About Shortage of Skills
Each month APSCU will profile America’s “Shortage of Skills” (SoS) in one key industry. We will examine industries that are critical to America’s economic advancement and explain how a well-educated and well-trained workforce can address these issues.
About The Association of Private Sector Colleges and Universities (APSCU)
The Association of Private Sector Colleges and Universities (APSCU) is a membership organization of accredited institutions of higher education that provide postsecondary education with a career focus. APSCU’s work supports thousands of campuses that educate millions of students.
APSCU Press Release: APSCU's Gunderson Calls For Constructive Collaboration In Letter To Secretary King
Proposes working together to advance interests of students and promoting completion
In the letter Gunderson writes, "A New Year, and new leadership at the Department, brings opportunities for new beginnings. My hope is that together we can begin an era of constructive collaboration that never forgets our common mission in serving the students enrolled in our sector's schools. Unfortunately, the past six years have been marked by an era of ideological confrontation where nobody wins – especially the students."
The letter notes that the sector and the Department are at unique moment in time and that they should work together to advance reauthorization of the Higher Education Act, as well as improved access and completion.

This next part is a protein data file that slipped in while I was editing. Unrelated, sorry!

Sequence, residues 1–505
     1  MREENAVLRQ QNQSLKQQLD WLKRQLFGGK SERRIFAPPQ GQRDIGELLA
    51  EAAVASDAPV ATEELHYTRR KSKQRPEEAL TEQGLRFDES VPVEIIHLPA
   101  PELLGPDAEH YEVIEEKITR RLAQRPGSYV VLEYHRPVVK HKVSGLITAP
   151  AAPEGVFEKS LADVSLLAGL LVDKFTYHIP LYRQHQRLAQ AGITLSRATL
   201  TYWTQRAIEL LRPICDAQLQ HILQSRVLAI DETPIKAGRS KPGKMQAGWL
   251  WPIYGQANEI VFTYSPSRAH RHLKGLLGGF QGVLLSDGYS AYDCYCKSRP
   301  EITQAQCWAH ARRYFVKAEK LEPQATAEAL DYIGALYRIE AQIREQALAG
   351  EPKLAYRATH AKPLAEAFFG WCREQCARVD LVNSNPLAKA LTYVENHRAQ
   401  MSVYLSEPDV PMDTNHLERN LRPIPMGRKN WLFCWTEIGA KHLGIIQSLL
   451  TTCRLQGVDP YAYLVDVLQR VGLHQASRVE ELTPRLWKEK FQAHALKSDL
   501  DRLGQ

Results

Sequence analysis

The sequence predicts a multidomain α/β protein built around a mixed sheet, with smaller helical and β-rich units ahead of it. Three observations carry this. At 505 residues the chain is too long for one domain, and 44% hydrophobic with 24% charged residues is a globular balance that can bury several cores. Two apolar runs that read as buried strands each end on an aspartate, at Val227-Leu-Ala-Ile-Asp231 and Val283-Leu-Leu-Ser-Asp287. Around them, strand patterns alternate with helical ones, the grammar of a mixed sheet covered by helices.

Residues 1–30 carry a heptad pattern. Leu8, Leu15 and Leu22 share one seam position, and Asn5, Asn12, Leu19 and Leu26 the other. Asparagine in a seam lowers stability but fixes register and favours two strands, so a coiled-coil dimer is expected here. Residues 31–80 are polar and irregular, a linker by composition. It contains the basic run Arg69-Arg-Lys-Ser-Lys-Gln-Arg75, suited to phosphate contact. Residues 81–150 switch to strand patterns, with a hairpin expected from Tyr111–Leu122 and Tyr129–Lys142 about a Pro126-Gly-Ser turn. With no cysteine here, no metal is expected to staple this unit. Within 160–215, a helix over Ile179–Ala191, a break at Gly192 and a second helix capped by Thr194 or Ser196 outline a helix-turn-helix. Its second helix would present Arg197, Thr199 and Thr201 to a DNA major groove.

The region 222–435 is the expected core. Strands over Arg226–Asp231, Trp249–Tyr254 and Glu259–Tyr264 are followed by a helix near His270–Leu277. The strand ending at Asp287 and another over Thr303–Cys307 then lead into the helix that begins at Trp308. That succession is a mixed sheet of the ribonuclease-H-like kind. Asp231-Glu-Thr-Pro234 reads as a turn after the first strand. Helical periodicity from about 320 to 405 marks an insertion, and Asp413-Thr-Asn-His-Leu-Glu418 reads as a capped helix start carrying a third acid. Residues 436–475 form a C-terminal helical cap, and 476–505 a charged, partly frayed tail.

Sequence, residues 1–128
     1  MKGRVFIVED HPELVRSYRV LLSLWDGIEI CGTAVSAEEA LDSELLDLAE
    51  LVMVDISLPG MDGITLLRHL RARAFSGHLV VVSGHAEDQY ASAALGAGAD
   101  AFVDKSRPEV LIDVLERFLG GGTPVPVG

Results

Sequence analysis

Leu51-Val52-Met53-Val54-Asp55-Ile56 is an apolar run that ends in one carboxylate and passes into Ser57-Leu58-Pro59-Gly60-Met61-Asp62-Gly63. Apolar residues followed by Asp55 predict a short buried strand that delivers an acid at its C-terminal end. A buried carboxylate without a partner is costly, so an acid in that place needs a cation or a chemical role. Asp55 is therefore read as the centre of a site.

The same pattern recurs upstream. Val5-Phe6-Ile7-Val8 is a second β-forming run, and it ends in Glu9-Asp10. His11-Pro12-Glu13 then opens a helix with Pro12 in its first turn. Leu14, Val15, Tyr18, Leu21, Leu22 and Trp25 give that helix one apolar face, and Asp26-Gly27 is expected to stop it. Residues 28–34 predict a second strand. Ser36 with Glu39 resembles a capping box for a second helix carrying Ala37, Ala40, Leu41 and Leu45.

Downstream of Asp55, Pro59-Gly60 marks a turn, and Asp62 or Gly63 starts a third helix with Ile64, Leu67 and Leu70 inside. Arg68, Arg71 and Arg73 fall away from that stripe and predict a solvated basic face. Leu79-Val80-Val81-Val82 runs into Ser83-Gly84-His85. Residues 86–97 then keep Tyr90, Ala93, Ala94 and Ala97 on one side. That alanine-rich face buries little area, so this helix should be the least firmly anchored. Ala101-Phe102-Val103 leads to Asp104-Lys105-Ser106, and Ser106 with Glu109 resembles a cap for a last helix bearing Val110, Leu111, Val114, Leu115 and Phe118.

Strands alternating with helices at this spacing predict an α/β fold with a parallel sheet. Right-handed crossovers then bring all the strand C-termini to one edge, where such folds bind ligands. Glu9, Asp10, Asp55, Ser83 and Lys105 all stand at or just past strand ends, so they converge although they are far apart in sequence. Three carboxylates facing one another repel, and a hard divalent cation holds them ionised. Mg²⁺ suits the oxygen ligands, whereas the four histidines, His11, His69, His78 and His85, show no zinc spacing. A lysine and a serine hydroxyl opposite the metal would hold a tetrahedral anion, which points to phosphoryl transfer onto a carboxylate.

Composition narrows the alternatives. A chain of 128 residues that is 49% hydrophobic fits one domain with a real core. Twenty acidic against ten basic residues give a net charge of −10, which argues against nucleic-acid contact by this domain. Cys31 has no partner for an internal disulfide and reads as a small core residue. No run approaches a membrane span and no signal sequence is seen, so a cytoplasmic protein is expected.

Gunderson continues, "Today, we are dramatically smaller serving 562,000 fewer students in 2013/14 than 2009/10. Yet, we have heard the call for a focus on outcomes being more important than access. Despite our dramatic drop in student enrollment, we produced 20,000 more academic awards in 2013/14 than we did at the height of the recession!"
The letter also notes, "Unless we find ways to work together our students will be the real losers. They will find less access, less opportunity, less academic awards -- and most important, fewer chances at pursuing their bridge to their version of the American Dream."
"We need a new era of mutual, respectful, collaborative and constructive conversations between our government and this sector. Today, there are 3.2 million students enrolled in our schools seeking the career education and skills that enable them to pursue a place in America's Middle Class. Our students deserve no more, no less than any other sector's students. They deserve to attend schools treated with the same operational, transparency, and outcome metrics of every other school."
Direct link to press release: http://www.apscu.org/news-and-media/press-releases/Open_Letter_to_Acting_Secretary_King.cfm